How To Get Your Core Values off the Walls and Onto the Floor

Your organization’s core values might be seen in plaques on your walls, but are they showing up on the shop floor? Even when you think your organization has strong core values, they might not be clear through actions, behavior, and language—or if they’re outdated, your core values might actually be doing more harm than good!

So how do you get your core values off your plaques and onto the floor? Here are three great lessons from Adam Hill, a 9-figure CEO, bestselling author, and recent guest on the Mindfulness Manufacturing podcast.

Lesson #1: Core Values or Sacred Cows?

Core values are meant to drive growth in your organization. But if you hold too tightly to an outdated idea, it can become a “sacred cow,” or an ideal or custom that actually holds your team and organization back. When a core value becomes a sacred cow, it can actually restrict your team.

If you find your organization struggling or plateauing, look toward your core values. Do they reflect your organization’s ideals? Do they promote growth and health in your company, or are they contributing to a poor or unproductive environment? If you find that a core value is causing more restriction than growth, it might be a sacred cow that needs to be reevaluated, changed, or eliminated from your organization.

Lesson #2: Cultural Shifts

Some organizations have very old core values or traditions that go back to when their company was first started. However, core values that were set decades ago might not match up with current culture. For example, smoking in the workplace might have been the norm years ago, but isn’t consider safe or appropriate now.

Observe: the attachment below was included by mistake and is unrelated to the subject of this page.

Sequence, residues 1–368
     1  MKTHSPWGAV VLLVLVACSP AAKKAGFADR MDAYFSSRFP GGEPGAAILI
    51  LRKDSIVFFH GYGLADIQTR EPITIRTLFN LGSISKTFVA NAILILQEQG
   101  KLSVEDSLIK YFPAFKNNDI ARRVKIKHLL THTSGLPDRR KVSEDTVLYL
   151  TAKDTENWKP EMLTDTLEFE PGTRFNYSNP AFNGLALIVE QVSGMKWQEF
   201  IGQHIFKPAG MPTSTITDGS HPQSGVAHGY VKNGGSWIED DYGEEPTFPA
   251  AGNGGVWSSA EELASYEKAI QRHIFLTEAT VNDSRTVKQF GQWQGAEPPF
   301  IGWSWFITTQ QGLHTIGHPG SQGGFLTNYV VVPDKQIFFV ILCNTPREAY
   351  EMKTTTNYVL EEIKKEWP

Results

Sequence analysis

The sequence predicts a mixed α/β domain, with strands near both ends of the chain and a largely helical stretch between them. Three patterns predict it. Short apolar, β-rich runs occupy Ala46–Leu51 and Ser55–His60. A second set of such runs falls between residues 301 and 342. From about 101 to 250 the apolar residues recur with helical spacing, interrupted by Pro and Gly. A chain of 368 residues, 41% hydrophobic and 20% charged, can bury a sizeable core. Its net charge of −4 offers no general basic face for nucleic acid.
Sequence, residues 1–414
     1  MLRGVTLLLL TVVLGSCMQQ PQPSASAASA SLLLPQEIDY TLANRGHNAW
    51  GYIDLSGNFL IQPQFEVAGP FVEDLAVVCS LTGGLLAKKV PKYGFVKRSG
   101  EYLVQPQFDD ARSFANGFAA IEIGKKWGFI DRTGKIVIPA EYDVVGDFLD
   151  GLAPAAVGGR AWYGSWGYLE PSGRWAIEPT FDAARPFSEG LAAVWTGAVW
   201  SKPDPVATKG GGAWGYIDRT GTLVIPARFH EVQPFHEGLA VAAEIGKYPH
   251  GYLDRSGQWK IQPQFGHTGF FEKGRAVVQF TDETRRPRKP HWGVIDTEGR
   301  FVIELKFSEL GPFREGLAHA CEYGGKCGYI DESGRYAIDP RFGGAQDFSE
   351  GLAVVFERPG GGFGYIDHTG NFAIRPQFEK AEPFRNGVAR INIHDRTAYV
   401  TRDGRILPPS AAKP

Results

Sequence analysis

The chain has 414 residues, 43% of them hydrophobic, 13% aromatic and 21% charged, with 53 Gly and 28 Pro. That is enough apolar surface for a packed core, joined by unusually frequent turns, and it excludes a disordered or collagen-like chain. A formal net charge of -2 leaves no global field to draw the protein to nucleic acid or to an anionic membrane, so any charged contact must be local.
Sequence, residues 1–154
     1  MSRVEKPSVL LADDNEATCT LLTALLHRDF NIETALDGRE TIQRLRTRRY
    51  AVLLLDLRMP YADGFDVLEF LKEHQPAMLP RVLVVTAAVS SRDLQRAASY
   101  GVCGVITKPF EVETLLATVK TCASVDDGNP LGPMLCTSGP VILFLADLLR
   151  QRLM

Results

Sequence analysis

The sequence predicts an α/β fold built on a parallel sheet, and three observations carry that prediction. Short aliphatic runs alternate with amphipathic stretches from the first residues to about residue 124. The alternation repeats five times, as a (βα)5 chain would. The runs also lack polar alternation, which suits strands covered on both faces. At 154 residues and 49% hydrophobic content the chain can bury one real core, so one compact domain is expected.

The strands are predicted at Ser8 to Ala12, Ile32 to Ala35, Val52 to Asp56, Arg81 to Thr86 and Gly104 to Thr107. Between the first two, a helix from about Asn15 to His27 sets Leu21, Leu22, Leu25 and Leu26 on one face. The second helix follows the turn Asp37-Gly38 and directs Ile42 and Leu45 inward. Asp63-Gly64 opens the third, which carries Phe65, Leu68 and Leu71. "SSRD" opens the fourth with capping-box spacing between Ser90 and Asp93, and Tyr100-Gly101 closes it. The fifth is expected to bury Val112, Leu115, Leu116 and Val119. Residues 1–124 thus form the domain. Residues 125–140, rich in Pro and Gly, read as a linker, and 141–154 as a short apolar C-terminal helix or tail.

As culture shifts, your core values should shift and change, too. If a core value is leading to unsafe or unproductive conditions, it might be time to reevaluate. In some cases, you might be able to find a way to keep the main elements of your ideals while still shifting to meet the current cultural environment.

Lesson #3: A Culture of Empowerment

If you want change in your organization, you need to create an environment where people feel empowered to speak up. If people don’t feel like they can safely voice opinions or concerns, it can create a culture outdated—or even dangerous—core values go unaddressed.

To create a more empowering environment for all, start with curiosity and courage. Don’t be afraid to have difficult conversations, and create a sense of trust with your team, so they know they can comfortably voice their thoughts and feedback. When it comes to core values, discussing about changing them can be challenging, but sometimes, you need healthy conflict to spark real change.

Learn More on the Podcast

To hear more about core values from Adam Hill, listen to his episode of Mindfulness Manufacturing here.